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The fundamental stability relations of calcite and aragonite are considered in the light of: (a) calorimetric data, (b) solubility measurements, (c) direct studies of phase changes. New data of Crawford and Fyfe suggest slightly lower pressures for aragonite formation than have been formerly proposed. The difference in free energies of calcite and aragonite are small, and the effect on stability of grain size, non-hydrostatic stress, and impurities are evaluated and may be as large as ^DgrG°.
Consideration of precipitation reactions involving nucleation and growth indicates that there need be no direct relationship between fundamental stability and the order of appearance of possible phases. Ostwald's law of stages implies an inverse correlation. Data on the effects of temperature and solution composition indicate that the form of calcium carbonate precipitated may frequently reflect favorable kinetics of aragonite nucleation enhanced by calcite growth inhibition.
A basic problem in carbonate sedimentation involves the rate at which metastable aragonite undergoes transformation to calcite. Data on this reaction in the dry state are compared with similar processes in nitrates. It is suggested from study of single crystals that the dry process is essentially zero order, but a combination of structure and habit sensitivity may lead to other apparent rate laws. Nucleation normally takes place in the prism zone and proceeds via a linear boundary migration parallel to the c axis. A lack of reactivity of (001) also appears in aqueous reactions. In general, dry rates must be of no significance at the temperatures normally encountered in diagenesis unless deformation is extensive.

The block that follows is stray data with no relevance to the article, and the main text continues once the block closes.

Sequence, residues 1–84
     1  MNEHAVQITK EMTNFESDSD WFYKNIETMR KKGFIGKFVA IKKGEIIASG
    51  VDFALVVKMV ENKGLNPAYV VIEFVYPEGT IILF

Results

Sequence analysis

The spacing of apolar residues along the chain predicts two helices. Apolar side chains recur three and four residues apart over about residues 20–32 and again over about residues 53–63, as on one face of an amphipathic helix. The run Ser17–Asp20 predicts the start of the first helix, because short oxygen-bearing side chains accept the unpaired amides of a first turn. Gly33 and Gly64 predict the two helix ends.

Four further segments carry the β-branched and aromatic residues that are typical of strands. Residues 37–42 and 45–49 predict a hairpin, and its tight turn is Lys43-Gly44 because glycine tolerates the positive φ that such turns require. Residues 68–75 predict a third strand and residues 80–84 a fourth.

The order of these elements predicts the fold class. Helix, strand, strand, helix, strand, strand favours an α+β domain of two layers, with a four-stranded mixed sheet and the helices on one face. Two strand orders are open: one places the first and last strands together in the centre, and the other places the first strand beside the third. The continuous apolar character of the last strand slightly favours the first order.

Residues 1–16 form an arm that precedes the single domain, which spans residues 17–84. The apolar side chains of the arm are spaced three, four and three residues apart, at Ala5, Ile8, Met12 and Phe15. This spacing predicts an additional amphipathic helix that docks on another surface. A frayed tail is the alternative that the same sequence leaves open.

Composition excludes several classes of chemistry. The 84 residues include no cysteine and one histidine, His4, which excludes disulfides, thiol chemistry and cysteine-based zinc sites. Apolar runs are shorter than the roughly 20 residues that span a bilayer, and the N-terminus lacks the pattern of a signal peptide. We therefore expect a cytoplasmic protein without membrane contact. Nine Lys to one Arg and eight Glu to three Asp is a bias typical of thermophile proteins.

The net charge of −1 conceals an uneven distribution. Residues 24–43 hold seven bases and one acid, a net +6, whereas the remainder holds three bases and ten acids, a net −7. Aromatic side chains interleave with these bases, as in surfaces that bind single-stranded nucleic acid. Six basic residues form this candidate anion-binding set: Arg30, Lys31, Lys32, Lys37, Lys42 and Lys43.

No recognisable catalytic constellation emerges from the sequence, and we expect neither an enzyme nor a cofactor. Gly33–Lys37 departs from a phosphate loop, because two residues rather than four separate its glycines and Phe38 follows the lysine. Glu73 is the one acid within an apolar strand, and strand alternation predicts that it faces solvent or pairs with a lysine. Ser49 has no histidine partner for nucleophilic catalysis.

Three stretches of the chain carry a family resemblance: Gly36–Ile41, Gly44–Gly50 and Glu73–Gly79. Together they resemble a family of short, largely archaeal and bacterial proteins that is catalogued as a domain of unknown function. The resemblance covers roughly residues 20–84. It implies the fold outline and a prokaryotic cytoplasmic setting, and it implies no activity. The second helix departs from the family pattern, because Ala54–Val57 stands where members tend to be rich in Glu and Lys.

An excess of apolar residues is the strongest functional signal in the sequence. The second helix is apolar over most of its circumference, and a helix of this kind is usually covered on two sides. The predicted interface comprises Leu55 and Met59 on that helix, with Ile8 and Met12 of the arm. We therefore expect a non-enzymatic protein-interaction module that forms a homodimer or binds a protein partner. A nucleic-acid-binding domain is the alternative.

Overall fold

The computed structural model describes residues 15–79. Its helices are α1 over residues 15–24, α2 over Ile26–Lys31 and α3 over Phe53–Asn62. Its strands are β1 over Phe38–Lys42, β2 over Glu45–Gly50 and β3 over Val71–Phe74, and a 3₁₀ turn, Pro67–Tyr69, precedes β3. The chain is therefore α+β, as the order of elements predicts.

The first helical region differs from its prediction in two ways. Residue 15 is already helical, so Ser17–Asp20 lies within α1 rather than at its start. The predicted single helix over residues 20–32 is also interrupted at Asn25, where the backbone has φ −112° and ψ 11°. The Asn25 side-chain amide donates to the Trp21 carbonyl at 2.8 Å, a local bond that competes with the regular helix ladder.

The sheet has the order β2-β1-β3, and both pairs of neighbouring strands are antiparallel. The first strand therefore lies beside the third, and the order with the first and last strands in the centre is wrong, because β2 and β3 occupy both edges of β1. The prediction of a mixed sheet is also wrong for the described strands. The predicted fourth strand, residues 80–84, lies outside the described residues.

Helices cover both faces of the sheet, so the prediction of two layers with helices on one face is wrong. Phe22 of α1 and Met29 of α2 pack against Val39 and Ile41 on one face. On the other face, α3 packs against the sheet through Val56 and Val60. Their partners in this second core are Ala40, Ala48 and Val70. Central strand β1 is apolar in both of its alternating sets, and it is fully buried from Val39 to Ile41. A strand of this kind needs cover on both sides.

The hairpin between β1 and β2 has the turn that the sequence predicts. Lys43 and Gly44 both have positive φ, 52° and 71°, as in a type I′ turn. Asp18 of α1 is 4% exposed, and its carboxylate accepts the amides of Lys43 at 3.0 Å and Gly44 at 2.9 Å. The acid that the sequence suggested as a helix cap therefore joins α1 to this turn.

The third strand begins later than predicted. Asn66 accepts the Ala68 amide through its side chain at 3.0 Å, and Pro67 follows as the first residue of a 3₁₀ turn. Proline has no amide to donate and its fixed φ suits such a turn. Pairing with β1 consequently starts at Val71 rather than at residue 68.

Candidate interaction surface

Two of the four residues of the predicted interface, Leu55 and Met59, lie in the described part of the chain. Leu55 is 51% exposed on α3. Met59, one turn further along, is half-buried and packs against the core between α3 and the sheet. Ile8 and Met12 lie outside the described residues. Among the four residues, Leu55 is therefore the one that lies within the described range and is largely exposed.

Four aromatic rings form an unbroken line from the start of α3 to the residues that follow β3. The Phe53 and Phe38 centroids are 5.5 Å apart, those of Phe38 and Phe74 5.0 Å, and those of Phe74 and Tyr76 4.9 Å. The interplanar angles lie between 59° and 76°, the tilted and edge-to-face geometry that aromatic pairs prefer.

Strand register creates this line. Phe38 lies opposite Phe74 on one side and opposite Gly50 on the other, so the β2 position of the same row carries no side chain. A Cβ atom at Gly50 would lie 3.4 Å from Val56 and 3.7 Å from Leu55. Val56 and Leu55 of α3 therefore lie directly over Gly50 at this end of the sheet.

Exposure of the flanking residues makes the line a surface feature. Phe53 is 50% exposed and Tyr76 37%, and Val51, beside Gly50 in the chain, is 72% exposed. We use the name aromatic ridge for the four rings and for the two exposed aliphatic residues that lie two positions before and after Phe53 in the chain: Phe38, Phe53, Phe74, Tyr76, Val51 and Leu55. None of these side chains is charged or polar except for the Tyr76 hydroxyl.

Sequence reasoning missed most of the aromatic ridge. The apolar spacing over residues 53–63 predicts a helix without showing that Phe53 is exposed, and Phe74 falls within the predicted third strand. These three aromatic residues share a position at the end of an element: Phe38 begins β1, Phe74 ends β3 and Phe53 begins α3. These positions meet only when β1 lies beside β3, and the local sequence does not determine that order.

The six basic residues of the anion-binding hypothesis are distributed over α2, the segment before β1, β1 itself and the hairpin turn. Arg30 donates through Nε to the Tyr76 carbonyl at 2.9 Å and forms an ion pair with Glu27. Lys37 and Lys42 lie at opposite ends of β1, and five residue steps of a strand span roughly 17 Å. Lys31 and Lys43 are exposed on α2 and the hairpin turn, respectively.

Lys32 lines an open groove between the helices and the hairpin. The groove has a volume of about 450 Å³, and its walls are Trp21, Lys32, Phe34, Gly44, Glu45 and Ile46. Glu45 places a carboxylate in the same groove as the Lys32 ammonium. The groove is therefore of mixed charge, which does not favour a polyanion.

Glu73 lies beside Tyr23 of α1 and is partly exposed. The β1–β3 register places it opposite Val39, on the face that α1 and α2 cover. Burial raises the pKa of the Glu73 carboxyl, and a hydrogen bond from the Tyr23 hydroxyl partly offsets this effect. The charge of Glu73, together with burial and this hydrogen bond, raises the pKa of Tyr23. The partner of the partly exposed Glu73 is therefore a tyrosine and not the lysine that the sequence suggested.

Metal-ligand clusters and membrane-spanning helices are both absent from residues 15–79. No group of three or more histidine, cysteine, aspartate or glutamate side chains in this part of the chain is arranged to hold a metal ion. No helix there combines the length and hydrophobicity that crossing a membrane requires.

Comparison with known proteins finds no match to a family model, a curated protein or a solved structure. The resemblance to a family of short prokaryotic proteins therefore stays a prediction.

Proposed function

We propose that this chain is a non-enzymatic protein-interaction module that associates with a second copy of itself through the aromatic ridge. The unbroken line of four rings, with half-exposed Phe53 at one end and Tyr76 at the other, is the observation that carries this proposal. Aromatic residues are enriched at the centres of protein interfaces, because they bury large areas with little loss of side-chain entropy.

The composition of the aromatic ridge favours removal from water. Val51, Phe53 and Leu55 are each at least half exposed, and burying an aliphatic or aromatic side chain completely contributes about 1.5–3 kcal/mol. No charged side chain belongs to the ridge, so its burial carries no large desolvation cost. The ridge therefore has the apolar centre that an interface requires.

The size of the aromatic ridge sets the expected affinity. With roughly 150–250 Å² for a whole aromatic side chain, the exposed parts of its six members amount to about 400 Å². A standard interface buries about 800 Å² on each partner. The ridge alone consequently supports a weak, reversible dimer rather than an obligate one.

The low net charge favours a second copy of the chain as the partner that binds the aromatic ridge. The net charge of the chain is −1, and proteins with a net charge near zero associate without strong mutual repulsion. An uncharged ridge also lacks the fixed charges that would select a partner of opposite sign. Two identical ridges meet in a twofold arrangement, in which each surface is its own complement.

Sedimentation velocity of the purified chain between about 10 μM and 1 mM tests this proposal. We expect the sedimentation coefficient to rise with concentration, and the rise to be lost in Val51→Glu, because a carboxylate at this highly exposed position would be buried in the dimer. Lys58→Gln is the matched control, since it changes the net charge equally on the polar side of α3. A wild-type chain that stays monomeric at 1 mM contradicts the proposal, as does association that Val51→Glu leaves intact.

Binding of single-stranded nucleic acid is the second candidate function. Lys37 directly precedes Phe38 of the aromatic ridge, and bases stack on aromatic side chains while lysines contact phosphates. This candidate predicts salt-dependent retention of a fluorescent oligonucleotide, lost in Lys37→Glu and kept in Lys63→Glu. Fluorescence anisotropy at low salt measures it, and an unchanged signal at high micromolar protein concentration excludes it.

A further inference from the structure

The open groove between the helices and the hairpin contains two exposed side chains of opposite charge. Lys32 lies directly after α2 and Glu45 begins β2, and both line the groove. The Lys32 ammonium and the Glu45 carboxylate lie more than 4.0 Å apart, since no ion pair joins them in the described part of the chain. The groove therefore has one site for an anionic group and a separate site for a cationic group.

In aqueous solution the problem is more complex. The rate is a function of volume, pH, PCO2, salt catalysis (general) and salt inhibition (specific), and organic protection as in some fossil aragonite, and aggregate fabric (as in fossils). It is suggested that the formation of calcite from aragonite in aqueous solutions involves homogeneous nucleation and that this is the slow rate step and is controlled by some function involving Ca++ and/or HCO3- activities. Specific inhibition appears to involve inhibition of growth and several explanations are possible, but the size of the inhibiting cation appears to be critical.
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